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Welfare benefits: What is the average welfare check in the US?



FAfter two years in lockdown, it’s no surprise to see the world in turmoil The cost of living crisis. The two main contributors to this phenomenon are supply chain shortages caused by forced COVID lockdowns and sanctions imposed on Russian oil imports.

This means that Americans are across United State They now pay more for everything from groceries to rent and utilities. With winter fast approaching, the worst may be yet to come with many Americans, especially those from low-income families struggling to make ends meet.

Fortunately, there are many welfare programs in place to help ease the financial burden on those most at risk.

In total, there are six major welfare programs that American residents can take advantage of during trying times. These are housing assistance, Medicare, Supplemental Nutrition Assistance Programs (SNAP), Supplemental Security Income and Temporary Assistance for Needy Families (TANF) and finally the Earned Income Tax Credit.

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The value of each benefit varies by state and personal situation, although a rough average estimate can be derived based on the data recorded by those claiming the benefits.

So what is the value of each of these benefits?

Housing assistance

The two main initiatives under this program are the Housing Choice Vouchers, which are designed to help low-income residents find housing in the private sector, and the Public Housing Programme.

In 2019, the average cost of renting a home with utilities was $1,100 per month.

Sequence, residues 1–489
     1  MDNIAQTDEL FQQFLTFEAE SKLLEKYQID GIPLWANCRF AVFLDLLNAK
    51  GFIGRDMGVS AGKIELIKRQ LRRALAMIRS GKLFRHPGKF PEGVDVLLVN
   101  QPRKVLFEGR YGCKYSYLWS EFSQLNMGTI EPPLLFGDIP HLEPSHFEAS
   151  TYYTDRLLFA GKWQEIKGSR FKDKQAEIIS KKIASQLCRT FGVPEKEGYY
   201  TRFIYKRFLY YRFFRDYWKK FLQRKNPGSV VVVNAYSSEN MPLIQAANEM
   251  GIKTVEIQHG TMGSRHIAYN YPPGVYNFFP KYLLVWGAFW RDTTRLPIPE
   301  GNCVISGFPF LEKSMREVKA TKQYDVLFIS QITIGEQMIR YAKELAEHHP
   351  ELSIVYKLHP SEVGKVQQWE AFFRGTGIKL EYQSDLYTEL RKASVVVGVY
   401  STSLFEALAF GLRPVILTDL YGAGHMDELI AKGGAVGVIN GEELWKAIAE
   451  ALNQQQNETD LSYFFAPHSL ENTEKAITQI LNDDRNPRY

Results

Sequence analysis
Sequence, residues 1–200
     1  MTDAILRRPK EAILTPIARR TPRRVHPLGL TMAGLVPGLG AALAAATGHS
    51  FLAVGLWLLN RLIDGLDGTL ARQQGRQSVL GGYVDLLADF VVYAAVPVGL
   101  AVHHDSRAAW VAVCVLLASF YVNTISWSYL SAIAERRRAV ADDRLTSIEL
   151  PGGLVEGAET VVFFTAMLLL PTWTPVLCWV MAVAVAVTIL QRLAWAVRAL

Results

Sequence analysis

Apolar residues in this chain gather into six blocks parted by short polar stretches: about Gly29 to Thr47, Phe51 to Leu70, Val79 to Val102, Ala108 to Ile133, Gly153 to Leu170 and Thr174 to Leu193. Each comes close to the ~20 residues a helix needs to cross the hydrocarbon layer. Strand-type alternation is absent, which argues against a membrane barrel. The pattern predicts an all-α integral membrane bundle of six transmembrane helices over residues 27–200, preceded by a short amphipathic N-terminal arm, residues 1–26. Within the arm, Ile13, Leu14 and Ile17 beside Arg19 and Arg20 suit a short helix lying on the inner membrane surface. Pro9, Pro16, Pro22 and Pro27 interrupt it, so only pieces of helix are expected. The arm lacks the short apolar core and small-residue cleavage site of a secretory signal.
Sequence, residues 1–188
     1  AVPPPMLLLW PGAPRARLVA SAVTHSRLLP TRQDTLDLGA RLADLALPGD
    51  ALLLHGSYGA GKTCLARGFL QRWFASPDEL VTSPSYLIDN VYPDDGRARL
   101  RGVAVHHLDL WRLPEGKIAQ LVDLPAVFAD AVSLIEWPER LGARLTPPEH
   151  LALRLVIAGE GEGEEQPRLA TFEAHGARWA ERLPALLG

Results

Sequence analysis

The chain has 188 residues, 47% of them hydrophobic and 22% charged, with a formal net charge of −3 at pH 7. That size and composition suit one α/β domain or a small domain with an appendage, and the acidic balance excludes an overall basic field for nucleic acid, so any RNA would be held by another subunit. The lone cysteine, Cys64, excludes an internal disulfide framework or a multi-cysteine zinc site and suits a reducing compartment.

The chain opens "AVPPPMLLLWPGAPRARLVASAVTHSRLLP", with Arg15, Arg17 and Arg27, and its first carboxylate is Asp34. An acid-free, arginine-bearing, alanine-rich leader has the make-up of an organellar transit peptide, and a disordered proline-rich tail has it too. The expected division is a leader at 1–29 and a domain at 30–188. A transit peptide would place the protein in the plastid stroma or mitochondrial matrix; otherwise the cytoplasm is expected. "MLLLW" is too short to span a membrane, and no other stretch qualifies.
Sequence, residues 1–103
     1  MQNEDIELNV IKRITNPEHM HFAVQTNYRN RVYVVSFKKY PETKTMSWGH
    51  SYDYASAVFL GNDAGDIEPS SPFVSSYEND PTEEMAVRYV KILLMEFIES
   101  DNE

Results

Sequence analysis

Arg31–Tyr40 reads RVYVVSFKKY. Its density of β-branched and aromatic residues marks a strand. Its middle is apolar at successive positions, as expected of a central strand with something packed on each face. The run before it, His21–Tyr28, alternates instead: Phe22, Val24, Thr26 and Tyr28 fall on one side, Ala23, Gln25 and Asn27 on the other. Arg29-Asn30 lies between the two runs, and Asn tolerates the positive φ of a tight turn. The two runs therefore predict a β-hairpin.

A program designed to help eligible low-income residents obtain health coverage funded by both the state and federal government, the average amount spent per Accorexian in the United States in 2019 was estimated at $8,436.

Supplemental Nutrition Assistance Programs (SNAP)

Instead of Food Stamps, SNAP helps low-income and eligible residents buy food. It is estimated that SNAP pays an average of $243.42 to a single individual and $460.64 per household.

Supplemental Security Income (SSI)

SSI is a program that helps American adults cover basic expenses like food and shelter. Unlike Social Security, SSI is a federal need-based assistance program, which does not require the worker to pay it.

The average monthly Social Security payment was $617 in 2021.

Temporary Assistance for Needy Families (TANF)

TANF is a federal program where the center issues a certain amount of money to the state. While different factors go into the final payment, TANF payments are estimated to be $418 per month for a single parent family with two children.

Earned Income Tax Credit (EITC)

EITC helps low-income families economically by providing them with tax credits. On average, the tax deduction claimed in 2021 was $2,411.